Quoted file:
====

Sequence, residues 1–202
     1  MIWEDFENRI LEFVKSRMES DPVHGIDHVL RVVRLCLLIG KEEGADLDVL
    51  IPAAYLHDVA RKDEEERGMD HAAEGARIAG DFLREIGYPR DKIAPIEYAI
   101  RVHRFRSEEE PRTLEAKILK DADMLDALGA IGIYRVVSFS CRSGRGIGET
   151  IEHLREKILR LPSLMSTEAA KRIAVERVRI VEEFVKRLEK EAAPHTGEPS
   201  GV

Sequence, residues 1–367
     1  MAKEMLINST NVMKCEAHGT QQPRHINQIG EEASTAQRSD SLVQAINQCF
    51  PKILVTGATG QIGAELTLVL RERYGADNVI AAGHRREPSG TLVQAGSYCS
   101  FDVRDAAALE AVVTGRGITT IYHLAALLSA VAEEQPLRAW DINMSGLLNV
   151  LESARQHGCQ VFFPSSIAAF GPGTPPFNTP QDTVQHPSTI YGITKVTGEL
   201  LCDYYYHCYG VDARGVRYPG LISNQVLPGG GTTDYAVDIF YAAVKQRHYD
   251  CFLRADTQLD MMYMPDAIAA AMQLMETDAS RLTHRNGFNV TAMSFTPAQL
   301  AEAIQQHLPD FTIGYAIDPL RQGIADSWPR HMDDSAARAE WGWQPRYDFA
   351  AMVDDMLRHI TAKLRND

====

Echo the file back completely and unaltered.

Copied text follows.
Sequence, residues 1–202
     1  MIWEDFENRI LEFVKSRMES DPVHGIDHVL RVVRLCLLIG KEEGADLDVL
    51  IPAAYLHDVA RKDEEERGMD HAAEGARIAG DFLREIGYPR DKIAPIEYAI
   101  RVHRFRSEEE PRTLEAKILK DADMLDALGA IGIYRVVSFS CRSGRGIGET
   151  IEHLREKILR LPSLMSTEAA KRIAVERVRI VEEFVKRLEK EAAPHTGEPS
   201  GV

Sequence, residues 1–367
     1  MAKEMLINST NVMKCEAHGT QQPRHINQIG EEASTAQRSD SLVQAINQCF
    51  PKILVTGATG QIGAELTLVL RERYGADNVI AAGHRREPSG TLVQAGSYCS
   101  FDVRDAAALE AVVTGRGITT IYHLAALLSA VAEEQPLRAW DINMSGLLNV
   151  LESARQHGCQ VFFPSSIAAF GPGTPPFNTP QDTVQHPSTI YGITKVTGEL
   201  LCDYYYHCYG VDARGVRYPG LISNQVLPGG GTTDYAVDIF YAAVKQRHYD
   251  CFLRADTQLD MMYMPDAIAA AMQLMETDAS RLTHRNGFNV TAMSFTPAQL
   301  AEAIQQHLPD FTIGYAIDPL RQGIADSWPR HMDDSAARAE WGWQPRYDFA
   351  AMVDDMLRHI TAKLRND